But Don’t You Want To Go?

I have a wonderful daughter, she is the first born of the family.  Emily is someone who is so unique, she is like a tapestry of wonderful.  She can tell you some breaking news, followed by something about eating organically then find you some talking citrus fruit on the internet.  She is full of love, for us, for life and especially for her siblings…she is like the Elizabeth whisperer.

Something else she possesses is a sincere wish to see the world, to visit places, and to help people.  To see the world, to learn, to live.  Emily is on her way to becoming a doctor and as such would like to combine travel and a desire to help others in need.

We have had quite a few conversations about traveling the world.  It usually involves me saying something like “Oh, that sounds interesting” when what I am thinking is “WOW, that is really a huge undertaking”  But then one night after another conversation about this topic, it really dawned on me why ….why I always felt so definitely about the prospect of traveling, sightseeing or visiting new places that I really know nothing about….why the very thought of attempting the above can at times make me feel nervous and sort of panicked at the same time…why talking about the new big things to try can at  times make me feel instantly tired.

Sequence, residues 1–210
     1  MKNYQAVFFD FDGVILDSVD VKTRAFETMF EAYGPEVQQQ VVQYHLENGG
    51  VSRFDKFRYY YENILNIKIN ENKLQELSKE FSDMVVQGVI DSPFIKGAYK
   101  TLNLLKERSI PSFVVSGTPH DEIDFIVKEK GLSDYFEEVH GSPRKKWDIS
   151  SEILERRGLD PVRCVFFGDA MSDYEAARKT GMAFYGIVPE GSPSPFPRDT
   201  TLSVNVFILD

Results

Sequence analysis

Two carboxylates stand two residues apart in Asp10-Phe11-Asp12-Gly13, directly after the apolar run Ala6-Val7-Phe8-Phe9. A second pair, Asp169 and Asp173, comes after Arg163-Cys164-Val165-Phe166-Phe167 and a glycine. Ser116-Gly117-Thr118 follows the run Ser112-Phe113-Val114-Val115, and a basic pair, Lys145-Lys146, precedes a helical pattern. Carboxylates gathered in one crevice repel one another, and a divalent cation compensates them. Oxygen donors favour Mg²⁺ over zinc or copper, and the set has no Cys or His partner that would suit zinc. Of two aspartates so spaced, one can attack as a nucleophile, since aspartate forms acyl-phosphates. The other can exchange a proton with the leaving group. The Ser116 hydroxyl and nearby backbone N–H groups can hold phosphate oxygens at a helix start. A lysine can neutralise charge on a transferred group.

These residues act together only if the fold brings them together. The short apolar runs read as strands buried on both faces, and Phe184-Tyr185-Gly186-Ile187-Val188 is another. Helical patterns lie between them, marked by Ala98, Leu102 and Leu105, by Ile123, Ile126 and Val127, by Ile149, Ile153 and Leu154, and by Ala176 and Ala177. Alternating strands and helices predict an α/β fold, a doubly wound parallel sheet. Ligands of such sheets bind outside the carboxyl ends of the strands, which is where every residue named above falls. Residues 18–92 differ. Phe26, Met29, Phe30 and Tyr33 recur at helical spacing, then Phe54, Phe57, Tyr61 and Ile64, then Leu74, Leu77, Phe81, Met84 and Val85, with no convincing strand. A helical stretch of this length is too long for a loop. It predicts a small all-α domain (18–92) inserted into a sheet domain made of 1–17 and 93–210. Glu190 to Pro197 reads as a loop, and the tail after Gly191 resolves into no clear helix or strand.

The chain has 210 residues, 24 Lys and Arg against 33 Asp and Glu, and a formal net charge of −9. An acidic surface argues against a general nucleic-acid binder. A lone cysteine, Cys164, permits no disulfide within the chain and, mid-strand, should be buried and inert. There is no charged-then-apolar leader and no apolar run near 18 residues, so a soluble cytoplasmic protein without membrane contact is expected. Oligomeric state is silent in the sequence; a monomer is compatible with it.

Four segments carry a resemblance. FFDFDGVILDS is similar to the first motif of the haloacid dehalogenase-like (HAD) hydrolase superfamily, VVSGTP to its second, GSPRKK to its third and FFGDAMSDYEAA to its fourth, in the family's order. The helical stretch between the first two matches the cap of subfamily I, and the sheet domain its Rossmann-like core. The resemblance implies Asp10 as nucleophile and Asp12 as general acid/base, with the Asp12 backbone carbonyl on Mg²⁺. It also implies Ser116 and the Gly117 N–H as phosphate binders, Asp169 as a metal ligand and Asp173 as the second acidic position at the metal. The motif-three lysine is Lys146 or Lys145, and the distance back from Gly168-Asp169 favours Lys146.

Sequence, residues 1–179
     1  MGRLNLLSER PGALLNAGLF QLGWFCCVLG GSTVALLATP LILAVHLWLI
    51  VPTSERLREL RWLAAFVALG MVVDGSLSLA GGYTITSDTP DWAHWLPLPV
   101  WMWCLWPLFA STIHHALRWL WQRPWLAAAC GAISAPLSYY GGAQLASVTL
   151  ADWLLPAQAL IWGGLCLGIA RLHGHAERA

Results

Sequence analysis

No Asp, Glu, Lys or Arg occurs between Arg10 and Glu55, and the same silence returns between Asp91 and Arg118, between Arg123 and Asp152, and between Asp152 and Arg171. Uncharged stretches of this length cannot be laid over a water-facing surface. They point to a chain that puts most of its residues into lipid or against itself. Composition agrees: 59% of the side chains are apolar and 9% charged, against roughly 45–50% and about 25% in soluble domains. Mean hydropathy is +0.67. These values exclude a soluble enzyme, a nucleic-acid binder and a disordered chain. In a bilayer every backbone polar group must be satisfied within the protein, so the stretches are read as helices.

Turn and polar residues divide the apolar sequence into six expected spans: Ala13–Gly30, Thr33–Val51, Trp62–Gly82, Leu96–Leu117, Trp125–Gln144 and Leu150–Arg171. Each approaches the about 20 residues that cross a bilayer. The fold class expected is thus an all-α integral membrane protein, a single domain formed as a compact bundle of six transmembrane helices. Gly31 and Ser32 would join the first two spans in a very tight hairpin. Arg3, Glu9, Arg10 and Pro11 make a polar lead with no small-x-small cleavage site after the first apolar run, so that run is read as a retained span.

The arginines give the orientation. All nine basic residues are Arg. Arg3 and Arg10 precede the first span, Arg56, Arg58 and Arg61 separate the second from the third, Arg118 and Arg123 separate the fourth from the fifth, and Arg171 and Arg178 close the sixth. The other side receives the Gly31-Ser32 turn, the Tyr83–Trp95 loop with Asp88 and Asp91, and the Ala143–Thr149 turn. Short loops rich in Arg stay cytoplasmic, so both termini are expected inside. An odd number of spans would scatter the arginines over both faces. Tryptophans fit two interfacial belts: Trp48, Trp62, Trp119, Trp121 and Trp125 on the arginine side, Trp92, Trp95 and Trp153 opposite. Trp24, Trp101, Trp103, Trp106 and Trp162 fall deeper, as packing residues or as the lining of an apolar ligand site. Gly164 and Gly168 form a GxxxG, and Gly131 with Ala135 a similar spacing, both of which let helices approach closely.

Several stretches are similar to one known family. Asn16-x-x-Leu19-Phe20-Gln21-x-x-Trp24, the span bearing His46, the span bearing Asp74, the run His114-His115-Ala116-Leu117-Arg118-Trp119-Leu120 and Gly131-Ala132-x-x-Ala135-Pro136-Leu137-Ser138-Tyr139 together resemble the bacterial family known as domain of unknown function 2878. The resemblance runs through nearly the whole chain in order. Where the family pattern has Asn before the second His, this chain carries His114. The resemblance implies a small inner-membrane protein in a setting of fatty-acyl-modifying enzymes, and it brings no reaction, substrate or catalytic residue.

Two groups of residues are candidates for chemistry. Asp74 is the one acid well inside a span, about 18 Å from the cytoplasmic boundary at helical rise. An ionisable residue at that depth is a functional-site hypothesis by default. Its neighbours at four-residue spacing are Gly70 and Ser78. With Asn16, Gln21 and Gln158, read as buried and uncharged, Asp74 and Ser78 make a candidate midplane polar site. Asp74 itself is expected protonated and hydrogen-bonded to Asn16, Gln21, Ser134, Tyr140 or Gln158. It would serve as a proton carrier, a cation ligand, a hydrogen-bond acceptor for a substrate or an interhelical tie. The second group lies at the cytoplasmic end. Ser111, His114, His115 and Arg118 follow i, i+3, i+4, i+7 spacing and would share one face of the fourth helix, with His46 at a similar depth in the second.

And the reason is….I am 17 years into a journey with a daughter who has challenged me and our family in so many ways.  Ways that only those with similar stories and lives can truly understand.  Elizabeth and her disorders of SPD and dyspraxia have changed me from the person I was to the person I am now.

I have friends who not only attempted but had fun, at Walt Disney World with children ages six, five and one years old….all I could think about was when Elizabeth was their age, what would I have done?  The following is the actual order of my thoughts

1. OMG, I want to lie down!

2. I cannot image there would be much she would like

3. I CAN imagine all the sensory things she would HATE

4.How do you wait in line for all that time?…Elizabeth would be screaming.

5.THere would be NO way I could make this work for our other children and keep Elizabeth okay.

6.Can I go lie down?

Yes, I believe my conditioning came quite early…Isn’t it true? We, as parents of the special children know that we have a totally different line of thinking than the average parents do?  That things taken for granted by other are seen as challenges to us?  That successes. so quite often passed by, become celebrated events for us?.  I think that in finding and helping our children we have learned a certain way of thinking, of analyzing and acting.  Our children have help to shape our choices, even if those choices do not directly affect them.

As a child I was quite the tomboy and daredevil ( something most people who know me now  find hard to believe), so much so that each summer I would have one near to death fall of my bike/tree/patio each summer.  The kind of fall that has your parents enter into the “angry/scared zone”. Where they are yelling at you for falling at the same time as they are hugging you for still being alive and somehow also assessing you for just how bad you hurt yourself….So knowing this is how I used to be, I know that that spirit is still there.  I can feel myself wanting to try something or go somewhere or do something but then I enter the “pragmatic zone”